MARQUETTE

NURSE C O L L E G E O F N U R S I N G M AG A Z I N E

2 016

10 Community Allies Banding together with neighboring health centers is a top priority

Contents 2 News, Research & Innovation Pushing the Envelope Faith in Nursing Associate Dean Maureen O’Brien Says Goodbye Front-line Perspectives Double Shifts Overcoming Patient Barriers Through the Years: College of Nursing Turns 80 Hola, España!

14 Good Vibrations

Handle with Care Cultural Practices

Partnership uses music, dance to address youth issues

Fast Forward Changing Course

16 All Inclusive College builds pipeline to workplace for minority students

18 Alumni Perspective Legacy Gift The Business of Caring

1940

Alumna Wins TEMPO Award NightinGala Benefits College’s Community Initiatives

20 Notable Scholarly Accomplishments

Interim dean of the college: Dr. Donna O. McCarthy, R.N., F.A.A.N. Editorial team: Kurt Chandler, Stephen Filmanowicz, Clare Peterson, Andrea Petrie and Jennifer Russell Art direction: Joan Holcomb On the cover: Illustration by Stephanie Dalton Cowan Contact: Share comments or ideas for future issues with clare.peterson@marquette.edu. Clark Hall, 112 | 414.288.3800


2

Marquette Nurse

News, Research & Innovation Pushing the Envelope ROTC nursing students compete at West Point in championship skills tournament. By Sara Rae Lancaster Endurance athletes have the Iron Man. NCAA basketball has March Madness. And the Army ROTC has the Sandhurst Military Skills Competition. In April, an ROTC team from Marquette made university history

“First aid evaluation tasks are easier after being a nursing student for four years,” says Brune, who graduated in May. “The injuries you evaluate become more straightforward and your reaction time quicker.” Adds Schultz, also a 2016 graduate, “As nurses, we usually just

when it debuted in the national competition that puts the skills,

see the aftermath. Competitions like this give us a perspective of

strength and smarts of military service academy teams to a grueling

what happens before the patient comes through the hospital doors.”

two-day test.

Given that Marquette was only one of three teams that had not

Among the nine teammates on the “Ranger Challenge” team

participated before at Sandhurst, Gibson says he and the team are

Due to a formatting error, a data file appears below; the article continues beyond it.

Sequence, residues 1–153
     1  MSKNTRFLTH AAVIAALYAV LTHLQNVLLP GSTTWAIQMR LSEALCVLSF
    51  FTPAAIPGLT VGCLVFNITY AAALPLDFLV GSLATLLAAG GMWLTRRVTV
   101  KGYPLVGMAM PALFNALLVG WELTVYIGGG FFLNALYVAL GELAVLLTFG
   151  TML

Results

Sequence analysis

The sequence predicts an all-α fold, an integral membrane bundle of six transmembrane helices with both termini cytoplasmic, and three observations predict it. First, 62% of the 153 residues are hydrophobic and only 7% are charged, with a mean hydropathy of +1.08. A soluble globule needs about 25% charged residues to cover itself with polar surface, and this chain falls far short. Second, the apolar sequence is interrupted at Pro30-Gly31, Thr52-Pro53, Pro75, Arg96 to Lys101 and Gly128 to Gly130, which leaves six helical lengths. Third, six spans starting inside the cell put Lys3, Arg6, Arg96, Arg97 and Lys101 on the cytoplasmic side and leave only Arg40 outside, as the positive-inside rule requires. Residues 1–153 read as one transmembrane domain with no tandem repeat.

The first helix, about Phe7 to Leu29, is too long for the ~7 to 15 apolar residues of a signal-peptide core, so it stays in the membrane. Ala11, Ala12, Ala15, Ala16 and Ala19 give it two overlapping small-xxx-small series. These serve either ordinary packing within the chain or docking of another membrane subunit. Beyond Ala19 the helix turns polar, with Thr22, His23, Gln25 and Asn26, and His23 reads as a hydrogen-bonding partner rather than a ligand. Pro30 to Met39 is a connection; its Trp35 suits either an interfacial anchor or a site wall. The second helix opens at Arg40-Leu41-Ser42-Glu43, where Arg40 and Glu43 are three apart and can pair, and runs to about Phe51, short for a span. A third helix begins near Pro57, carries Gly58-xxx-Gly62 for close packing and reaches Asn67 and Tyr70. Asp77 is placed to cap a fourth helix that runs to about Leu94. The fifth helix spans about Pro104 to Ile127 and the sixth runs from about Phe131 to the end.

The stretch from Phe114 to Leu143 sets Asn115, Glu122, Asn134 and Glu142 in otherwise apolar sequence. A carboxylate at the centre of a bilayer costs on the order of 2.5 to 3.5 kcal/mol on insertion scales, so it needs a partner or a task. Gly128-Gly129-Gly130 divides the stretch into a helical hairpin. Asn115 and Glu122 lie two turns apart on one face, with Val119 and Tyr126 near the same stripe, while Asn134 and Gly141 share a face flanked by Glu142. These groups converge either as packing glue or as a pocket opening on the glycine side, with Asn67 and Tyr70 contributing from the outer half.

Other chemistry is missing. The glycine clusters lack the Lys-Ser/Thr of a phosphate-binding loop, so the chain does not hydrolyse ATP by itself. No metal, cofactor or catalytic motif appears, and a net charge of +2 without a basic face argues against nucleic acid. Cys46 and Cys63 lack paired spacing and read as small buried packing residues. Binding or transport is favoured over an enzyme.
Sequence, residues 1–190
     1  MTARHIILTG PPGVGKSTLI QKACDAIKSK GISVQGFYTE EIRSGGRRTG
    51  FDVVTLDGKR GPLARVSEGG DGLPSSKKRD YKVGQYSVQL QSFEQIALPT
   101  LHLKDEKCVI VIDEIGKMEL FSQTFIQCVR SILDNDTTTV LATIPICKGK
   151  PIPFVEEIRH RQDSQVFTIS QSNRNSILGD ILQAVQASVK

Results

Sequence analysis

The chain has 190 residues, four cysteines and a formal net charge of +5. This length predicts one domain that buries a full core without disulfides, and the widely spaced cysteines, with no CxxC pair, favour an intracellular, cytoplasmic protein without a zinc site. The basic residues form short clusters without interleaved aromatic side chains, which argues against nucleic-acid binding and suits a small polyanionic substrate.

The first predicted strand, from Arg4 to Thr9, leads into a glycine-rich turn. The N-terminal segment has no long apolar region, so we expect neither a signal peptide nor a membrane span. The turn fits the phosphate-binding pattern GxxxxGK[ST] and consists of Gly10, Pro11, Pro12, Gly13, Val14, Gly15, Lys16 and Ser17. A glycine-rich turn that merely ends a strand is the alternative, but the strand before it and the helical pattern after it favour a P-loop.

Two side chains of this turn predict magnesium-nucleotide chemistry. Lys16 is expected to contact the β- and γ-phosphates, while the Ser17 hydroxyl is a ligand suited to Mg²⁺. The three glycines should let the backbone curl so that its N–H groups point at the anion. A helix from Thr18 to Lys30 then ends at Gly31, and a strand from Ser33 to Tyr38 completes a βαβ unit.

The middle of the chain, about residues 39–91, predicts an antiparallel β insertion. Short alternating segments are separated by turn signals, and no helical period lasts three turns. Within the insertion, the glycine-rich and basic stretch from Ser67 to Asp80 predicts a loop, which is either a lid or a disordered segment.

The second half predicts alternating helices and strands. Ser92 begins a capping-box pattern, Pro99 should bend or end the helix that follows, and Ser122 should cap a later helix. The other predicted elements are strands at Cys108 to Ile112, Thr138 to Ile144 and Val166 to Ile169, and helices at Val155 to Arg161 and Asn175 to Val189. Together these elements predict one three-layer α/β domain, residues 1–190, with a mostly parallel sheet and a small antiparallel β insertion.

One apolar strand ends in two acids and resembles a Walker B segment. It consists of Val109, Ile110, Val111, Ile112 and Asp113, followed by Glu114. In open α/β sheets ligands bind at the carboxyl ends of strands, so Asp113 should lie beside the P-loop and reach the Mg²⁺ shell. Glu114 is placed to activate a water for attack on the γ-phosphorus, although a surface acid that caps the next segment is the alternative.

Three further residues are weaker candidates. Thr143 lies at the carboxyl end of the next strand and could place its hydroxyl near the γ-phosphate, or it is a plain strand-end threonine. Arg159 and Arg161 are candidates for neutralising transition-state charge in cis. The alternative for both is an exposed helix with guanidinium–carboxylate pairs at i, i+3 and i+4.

were three seniors and a junior from the college. The four nursing

extremely pleased at finishing sixth out of eight ROTC teams, and

students scored high in previous competitions earlier in the school

48th out of 60 international teams overall. “There are 275 ROTC

year to advance to the Sandhurst competition.

teams in the United States,” Gibson says. “Only eight make it to

Hosted by the U.S. Military Academy at West Point, Sandhurst is considered the championship round for ROTC teams, says Lt. Col. Michael Gibson, former professor and chair of Marquette’s Department of Military Sciences. The round starts on a Friday morning, when teams receive the coordinates to their first task, and stretches into Saturday. By the end of the competition the following day, teams have traveled 30 to 40 miles on foot carrying full gear, and have completed eight to 10 military tasks, such as obstacle course navigation, ruck marching, rifle marksmanship, weapons assembly and first aid evaluation. “It’s not just physical, but mental events,” Gibson says. “Military officers need to be able to operate in an environment where you never know what is going to happen.” So do nurses. Competing from the college in April were seniors Matthew Brune, Alannah Schultz and Rachael DeMeulenaere (female alternate), and junior Brad Kempka. Though they credit the squad’s success to a team effort, that doesn’t mean their skills as nursing students weren’t helpful.